Have you ever felt jealousy or hatred from your fellow dancers for being trans?

Not at all. If anything, my teammates were always there to help me and asked me for help. They were like, “Hey, listen, since you have all this training, you can show us a couple of steps, help us get to that step.”

I just think when you grow up, you can talk to everyone.

I’m the type of person who wants to see everyone win. I don’t want to be that person who will keep information that is important to me. If I know a way to help you get to where you need to be, I will do that.

I was lucky enough to have girls on the team who wanted to learn and get better.

How did you hear about the audition with Topcats?

I was scrolling through the Carolina Panthers website and saw the Topcats marketing effort. I just registered my name. This was during the summer of 2021, before the actual auditions. A month had passed, and of course I had forgotten about it until I got a reminder in my signed email. I was scared and called my mom.

Then he said, “What? What are you afraid of? You know how to dance so just go out and do your thing. And if you don’t, try again.”

I went out and tried and made the team a few months later.

How was the audition process for you?

First, we had prelims where we had to submit a video evaluation while doing a choreographed routine.

I think it was like over 600 people applied, and only 180 made it to the semi-finals.

The semi-finals were in-person, and we had to go through the techniques, learning three or four different styles of play that we had to memorize.

If you cut through the choreography, then you will go to the final, where there were only 80 of us. So you can only imagine how tough the competition was. Everyone was playfully shooting each other and trying to push each other to be the best.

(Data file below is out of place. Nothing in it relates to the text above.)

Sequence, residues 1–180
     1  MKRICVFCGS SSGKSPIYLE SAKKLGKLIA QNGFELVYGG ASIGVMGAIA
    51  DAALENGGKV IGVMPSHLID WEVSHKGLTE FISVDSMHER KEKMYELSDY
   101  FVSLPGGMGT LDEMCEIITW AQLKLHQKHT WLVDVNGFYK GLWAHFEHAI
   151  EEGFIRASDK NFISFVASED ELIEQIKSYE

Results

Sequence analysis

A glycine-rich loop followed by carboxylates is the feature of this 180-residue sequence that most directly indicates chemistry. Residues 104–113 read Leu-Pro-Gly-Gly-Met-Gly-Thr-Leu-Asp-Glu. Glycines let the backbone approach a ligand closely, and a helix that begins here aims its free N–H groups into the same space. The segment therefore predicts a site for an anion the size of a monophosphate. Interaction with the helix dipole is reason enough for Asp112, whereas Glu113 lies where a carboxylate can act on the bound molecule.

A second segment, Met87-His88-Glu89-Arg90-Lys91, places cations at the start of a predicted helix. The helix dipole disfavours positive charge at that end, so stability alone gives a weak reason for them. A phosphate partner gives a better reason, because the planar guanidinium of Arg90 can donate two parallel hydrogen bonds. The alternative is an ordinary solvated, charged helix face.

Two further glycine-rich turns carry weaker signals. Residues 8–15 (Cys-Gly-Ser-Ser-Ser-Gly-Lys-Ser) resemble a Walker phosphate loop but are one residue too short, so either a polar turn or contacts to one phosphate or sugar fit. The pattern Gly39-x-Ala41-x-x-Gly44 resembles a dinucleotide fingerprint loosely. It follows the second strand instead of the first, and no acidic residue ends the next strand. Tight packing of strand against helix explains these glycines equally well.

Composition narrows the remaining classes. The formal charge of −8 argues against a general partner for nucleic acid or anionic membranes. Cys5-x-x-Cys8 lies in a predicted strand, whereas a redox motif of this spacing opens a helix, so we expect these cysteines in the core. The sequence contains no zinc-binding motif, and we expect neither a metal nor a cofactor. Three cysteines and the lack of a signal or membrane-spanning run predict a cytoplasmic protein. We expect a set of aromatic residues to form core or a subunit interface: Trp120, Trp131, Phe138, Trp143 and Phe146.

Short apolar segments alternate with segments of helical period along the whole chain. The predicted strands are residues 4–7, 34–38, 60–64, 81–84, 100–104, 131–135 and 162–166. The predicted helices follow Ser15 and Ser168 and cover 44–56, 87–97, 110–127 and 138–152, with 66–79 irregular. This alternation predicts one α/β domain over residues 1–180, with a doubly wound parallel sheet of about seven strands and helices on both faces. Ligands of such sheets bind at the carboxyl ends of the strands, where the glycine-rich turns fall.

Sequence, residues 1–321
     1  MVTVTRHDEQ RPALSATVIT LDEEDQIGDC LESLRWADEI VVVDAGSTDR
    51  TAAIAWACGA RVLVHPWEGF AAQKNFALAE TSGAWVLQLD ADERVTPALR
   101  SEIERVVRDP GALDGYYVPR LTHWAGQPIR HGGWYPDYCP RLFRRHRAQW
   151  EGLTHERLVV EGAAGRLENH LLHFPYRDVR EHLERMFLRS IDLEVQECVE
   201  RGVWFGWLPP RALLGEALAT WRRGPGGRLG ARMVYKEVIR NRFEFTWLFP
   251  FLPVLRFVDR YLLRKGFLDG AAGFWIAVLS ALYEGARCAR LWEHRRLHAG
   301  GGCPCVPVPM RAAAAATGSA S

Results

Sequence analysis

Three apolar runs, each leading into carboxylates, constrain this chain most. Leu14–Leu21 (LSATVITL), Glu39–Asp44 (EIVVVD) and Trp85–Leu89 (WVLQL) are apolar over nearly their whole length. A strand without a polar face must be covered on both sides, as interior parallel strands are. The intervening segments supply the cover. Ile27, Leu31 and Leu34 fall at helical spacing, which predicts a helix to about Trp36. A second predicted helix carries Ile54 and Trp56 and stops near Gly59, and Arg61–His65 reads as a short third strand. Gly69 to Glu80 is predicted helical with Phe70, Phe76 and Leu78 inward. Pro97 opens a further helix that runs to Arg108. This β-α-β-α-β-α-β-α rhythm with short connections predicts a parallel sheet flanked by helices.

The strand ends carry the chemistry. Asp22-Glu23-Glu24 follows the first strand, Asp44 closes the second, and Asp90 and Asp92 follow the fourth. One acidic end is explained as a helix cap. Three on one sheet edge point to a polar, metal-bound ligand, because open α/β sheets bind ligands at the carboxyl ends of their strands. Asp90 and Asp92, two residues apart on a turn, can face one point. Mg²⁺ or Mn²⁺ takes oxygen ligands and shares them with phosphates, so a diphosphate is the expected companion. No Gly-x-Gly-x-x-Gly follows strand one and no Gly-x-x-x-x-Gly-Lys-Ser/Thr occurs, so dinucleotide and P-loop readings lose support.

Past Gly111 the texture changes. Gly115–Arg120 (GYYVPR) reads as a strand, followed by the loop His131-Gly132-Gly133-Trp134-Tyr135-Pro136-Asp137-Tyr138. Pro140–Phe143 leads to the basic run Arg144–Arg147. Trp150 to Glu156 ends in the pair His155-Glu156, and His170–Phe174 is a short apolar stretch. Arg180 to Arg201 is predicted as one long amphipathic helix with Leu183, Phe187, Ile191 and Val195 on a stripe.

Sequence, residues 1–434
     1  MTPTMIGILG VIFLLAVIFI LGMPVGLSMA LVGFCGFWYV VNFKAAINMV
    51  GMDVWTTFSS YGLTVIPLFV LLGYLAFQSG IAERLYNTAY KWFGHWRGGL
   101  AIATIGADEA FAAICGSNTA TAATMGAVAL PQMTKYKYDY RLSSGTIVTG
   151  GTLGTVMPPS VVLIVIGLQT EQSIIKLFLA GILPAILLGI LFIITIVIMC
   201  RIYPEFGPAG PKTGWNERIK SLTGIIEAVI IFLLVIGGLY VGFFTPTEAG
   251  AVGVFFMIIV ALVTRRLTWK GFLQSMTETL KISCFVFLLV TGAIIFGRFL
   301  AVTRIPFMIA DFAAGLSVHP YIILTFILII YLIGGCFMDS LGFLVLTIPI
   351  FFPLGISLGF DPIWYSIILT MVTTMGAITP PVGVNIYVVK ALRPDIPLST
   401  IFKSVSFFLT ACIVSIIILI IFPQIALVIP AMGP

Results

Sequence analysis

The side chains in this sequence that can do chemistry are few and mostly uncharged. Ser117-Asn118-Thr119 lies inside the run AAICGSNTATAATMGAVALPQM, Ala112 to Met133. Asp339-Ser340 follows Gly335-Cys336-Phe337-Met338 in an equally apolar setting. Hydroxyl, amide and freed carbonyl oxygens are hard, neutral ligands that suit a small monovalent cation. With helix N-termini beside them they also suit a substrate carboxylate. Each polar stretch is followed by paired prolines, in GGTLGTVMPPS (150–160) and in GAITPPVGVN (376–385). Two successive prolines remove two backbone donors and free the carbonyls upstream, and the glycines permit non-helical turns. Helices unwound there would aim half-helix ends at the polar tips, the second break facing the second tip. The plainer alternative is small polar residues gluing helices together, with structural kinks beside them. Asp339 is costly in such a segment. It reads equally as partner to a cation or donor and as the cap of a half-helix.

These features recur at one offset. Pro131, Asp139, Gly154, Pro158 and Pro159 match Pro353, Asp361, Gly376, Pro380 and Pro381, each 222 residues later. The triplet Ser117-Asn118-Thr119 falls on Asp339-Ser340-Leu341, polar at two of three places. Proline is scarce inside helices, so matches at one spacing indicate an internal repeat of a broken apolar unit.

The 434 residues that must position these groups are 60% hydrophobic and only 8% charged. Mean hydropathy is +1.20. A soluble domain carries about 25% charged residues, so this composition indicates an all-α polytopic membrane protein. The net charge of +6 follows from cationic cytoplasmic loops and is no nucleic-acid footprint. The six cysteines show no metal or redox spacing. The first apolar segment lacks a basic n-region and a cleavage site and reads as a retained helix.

How did you go about creating the team?

We waited for three to four days. I was just worried like everyone else. I remember that I received a call from my coach while I was driving, and I pulled into a church parking lot.

After he told me I made the team, I just took second, and I just thanked God for not only allowing me to be able to play but to be me while doing it.

How did your colleagues respond to you being in the team?

My coworkers didn’t even know I was trans at first, but they love it. It’s obviously something new for them, but they have my support and I have theirs and they’re just with me through the whole process. They let me know that if I wanted to talk about anything they would always be there for me. We are like our little sororities and kinships because we have boys on the team too. We’re just like a big family, and we protect each other and we just make sure we have each other’s backs.

How does it feel to be a trailblazer in the professional cheerleading business?

I’m glad I was able to do it, because someone has to do it. And I think it just takes someone who is confident and just knows their worth.

It’s just a matter of faith, really. That helps me throughout my day, throughout my life. I’m just happy to be where I am now. I’ve had girls and guys come up to me and say, “Hey, listen, you’ve done this. So now I feel free to try.” I’m just happy to be in the place I am now to do it and realize it.

How do you expect to feel on your first day of the game?

Maybe I will cry, because it has been my dream and goal for a long time to become a Topcat. I’m happy, but I feel like I don’t have my time yet. I think I will have it once I hear all the fans and everyone on the field and just go through the actual experience.

Two current UK cheerleaders win gold at ICU World Championships
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Photo: Hayden Story (centre), Maddie Hayes (right) with former UK team-mate Riley…